Tree Caring and Planting Information
All of our bare-root trees are shipped to you via the United States Priority Mail. The roots of all the trees will be wrapped in damp shredded paper to insure freshness. The trees are then placed in a plastic tube within a cardboard strong box for shipping. The tops of some trees have been intentionally cut back to encourage branching and to help the tree survive the transplant. All bare-root trees will need planted as quickly as possible. Even if it is still cold outside, plant your tree shortly after it arrives and water thoroughly and frequently. Dig a hole approximately twice the size of the tree's root. Fill the bottom half of the hole with topsoil and plant the tree in the top half with the base of the tree at the soil line or just below. Fill in the rest of the hole with topsoil and slightly tamp the soil around the tree. Mulch your tree with 2" of shredded hardwood bark to insulate the roots and prevent water from evaporating around the tree. Your newly transplanted tree will need a lot of care the first year. It is not uncommon for a newly planted tree to die back a little or even loose its first set of leaves the first year. Do not fertilize your tree the first year, but do give it plenty of water. Once your tree is established (after the first year), it will require little care.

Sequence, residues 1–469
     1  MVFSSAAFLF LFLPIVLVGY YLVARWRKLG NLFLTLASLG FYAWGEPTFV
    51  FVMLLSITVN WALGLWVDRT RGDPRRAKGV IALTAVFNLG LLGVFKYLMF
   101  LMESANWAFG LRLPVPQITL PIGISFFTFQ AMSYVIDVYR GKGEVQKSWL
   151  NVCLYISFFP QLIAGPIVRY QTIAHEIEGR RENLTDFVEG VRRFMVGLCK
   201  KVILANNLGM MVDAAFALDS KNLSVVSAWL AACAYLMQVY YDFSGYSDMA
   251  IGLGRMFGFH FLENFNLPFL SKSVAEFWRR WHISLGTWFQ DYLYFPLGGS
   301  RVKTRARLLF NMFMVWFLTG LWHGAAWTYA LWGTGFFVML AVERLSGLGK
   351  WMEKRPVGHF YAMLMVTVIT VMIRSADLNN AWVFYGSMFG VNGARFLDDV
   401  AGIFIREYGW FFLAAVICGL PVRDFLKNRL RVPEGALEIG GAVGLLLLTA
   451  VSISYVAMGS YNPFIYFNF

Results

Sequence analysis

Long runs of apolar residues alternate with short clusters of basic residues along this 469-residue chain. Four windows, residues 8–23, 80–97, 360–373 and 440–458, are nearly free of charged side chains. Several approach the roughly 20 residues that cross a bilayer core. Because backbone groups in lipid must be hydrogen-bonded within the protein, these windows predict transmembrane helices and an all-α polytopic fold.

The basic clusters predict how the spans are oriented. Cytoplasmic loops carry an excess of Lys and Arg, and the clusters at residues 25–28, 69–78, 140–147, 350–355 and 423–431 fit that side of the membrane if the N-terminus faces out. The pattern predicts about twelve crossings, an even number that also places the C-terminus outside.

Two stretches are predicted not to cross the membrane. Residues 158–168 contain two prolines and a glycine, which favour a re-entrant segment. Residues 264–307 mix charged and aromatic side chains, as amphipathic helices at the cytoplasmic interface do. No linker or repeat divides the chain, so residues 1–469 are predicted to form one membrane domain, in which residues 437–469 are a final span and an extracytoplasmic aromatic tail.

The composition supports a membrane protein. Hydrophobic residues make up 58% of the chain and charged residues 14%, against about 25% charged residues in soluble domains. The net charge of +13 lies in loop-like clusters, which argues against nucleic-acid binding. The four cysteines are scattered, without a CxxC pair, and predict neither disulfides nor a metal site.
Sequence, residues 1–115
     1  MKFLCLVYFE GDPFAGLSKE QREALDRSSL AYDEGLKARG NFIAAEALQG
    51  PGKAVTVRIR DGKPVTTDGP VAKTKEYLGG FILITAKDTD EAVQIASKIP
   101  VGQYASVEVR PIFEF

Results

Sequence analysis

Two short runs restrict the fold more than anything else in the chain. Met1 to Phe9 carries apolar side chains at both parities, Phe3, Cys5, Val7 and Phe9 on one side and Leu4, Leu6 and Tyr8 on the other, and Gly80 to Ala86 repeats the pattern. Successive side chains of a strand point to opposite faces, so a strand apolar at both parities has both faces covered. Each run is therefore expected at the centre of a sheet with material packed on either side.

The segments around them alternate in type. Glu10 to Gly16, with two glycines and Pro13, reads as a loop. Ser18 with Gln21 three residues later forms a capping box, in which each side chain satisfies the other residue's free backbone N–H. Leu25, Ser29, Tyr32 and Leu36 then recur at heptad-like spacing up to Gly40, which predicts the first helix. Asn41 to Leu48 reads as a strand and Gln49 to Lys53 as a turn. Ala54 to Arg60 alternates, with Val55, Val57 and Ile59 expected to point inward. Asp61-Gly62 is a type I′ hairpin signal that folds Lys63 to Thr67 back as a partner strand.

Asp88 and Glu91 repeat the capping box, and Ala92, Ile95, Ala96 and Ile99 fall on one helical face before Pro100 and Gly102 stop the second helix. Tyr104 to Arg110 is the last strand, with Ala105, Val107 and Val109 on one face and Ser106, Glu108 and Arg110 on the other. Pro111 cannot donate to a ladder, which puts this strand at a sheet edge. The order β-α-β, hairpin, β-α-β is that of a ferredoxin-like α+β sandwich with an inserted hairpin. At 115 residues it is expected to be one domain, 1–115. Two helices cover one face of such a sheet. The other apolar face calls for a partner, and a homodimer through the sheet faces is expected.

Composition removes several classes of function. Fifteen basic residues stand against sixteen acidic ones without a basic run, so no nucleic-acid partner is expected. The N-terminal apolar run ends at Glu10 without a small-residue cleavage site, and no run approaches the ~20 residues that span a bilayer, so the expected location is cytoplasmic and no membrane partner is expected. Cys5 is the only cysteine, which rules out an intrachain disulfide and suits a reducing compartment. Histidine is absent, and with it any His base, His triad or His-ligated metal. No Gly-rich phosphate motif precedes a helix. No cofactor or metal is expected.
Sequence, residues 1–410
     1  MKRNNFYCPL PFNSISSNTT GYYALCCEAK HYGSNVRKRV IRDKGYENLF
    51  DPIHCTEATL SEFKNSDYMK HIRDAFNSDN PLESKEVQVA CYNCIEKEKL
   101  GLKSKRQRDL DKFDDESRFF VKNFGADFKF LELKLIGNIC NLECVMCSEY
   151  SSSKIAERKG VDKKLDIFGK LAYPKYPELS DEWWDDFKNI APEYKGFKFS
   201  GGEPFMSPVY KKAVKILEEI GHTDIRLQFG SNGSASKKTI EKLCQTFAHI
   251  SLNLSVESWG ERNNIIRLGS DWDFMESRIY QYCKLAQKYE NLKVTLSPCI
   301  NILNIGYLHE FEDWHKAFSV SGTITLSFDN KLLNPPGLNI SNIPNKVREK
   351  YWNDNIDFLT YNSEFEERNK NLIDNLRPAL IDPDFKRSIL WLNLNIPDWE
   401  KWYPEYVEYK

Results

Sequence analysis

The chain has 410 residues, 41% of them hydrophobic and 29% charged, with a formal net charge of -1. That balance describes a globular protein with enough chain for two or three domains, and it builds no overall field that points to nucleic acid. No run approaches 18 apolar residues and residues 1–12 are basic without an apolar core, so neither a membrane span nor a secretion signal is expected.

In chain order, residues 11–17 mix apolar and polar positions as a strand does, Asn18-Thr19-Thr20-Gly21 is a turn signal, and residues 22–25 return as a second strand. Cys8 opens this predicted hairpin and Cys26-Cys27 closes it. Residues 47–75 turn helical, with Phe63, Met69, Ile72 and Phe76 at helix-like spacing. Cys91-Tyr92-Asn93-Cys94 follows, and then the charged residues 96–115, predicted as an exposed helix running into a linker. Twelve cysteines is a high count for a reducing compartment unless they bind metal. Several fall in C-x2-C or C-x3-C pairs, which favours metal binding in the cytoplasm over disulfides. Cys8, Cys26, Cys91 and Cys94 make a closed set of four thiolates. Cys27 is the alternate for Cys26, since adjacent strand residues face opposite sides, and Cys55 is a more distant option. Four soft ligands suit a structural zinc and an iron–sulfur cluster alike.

One of the milestones of spring is the sight of this old-fashioned favorite, climbing vines trailing over porches, arbors and among the branches of tall trees. Their masses of long, hanging clusters of fragrant flowers on vines up to 50' long are well worth stopping for. Vigorous and long-lived, these woody plants are also trained up and over trellises, along walls or pruned into small, tree-like shapes. All parts of the plant are poisonous, including flowers and seeds. The vine/tree forms a spectacular display of pendulous purple flowers in mid-spring to early summer. A wisteria prefers full sun and likes acidic or alkaline soil. Prune in late summer. Mulch to keep moist and cool. This deciduous vine/tree is hardy between zones 4-9.
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